Link (5.00 / 1) (#3)
    by squeaky on Sun Jul 27, 2008 at 12:14:34 AM EST
    ah our resident Neo-Imperialist speaks. (none / 0) (#20)
    by Salo on Sun Jul 27, 2008 at 12:17:06 PM EST
    Farmers should be ordered to plant wheat? (5.00 / 2) (#4)
    by Green26 on Sun Jul 27, 2008 at 12:18:29 AM EST
    I don't know anything about the soil, climate, or machinery on poppy areas/farms in Afghanistan. However, I did grow up on a wheat farm, and I doubt that declaring a switchover in crops like this makes much sense or is feasible.

    Not As Profitable (none / 0) (#5)
    by squeaky on Sun Jul 27, 2008 at 12:43:34 AM EST
    Ordered by who? President Karzai  is making too much $$. It accounts for up to 1/3 of his GDP.

    (For a detailed analysis of the drug economy in Afghanistan, counter-narcotics policy, and the fallacies of arguments like Schweich's see the report I co-authored with Jake Sherman.)[PDF]

    (Another point: drugs is by far the largest industry in the Afghan economy, probably accounting for a quarter to a third of GDP. It is not a "deviant" activity in the sociological sense. As a political scientist, I don't know of any government in the world that does not have relations with the owners of its country's largest industry and biggest employer. There was a very good essay on this general problem, not focusing on Afghanistan, by a Hungarian World Bank economist. I'll post the link as soon as I can find it.)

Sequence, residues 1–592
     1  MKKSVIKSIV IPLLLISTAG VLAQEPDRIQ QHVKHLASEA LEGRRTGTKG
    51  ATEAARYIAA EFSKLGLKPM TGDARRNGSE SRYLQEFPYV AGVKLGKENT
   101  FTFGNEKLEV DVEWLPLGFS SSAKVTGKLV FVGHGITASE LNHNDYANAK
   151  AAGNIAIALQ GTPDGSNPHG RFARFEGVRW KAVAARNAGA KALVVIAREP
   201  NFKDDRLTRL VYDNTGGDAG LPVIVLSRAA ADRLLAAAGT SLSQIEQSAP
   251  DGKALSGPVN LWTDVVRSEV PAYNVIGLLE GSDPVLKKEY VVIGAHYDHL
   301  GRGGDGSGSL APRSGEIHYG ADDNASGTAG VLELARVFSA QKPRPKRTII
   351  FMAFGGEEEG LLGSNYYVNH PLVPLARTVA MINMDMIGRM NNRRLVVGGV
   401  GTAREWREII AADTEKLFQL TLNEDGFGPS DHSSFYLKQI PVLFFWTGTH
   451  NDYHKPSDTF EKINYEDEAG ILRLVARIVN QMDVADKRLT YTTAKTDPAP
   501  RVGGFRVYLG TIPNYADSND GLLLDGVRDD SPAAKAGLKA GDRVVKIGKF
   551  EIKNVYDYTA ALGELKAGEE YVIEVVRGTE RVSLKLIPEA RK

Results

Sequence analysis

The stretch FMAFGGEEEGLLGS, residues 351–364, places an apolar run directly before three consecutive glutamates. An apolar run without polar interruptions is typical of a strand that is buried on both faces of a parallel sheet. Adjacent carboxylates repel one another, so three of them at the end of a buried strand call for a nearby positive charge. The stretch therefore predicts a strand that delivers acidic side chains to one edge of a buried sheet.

Barnett Rubin


    Talk about tyranny.... (none / 0) (#14)
    by kdog on Sun Jul 27, 2008 at 08:01:36 AM EST
    I thought we were bring glorious freedom to Afghanistan?

    Now we want Karzai to "order" farmers what to grow?  One would think in a free country a farmer picks his crops, not the state.

    That's how the Taliban rolls, and I guess it's how we roll.  Authoritarians with no respect for the sovereignty of free men.

    I have a novel concept...let people grow what crops they want, and let people buy what crops they want.


    It's a good way to provoke a fight with the farmer (none / 0) (#18)
    by Salo on Sun Jul 27, 2008 at 12:11:56 PM EST
    population there. And those guys will win against any military.

    This Is Just Stupid (5.00 / 1) (#6)
    by Dave Latchaw on Sun Jul 27, 2008 at 12:51:39 AM EST
    When the Taliban were in power they had put a severe crimp in the opium biz. The warlords who actually run the place were happy to help us boot them out. The resurgence of the Taliban occurred when they decided that opium growing wasn't so bad after all.

    The key to "winning" (or more accurately having the warlords pretend that you're in charge) is to turn a blind eye to opium growing.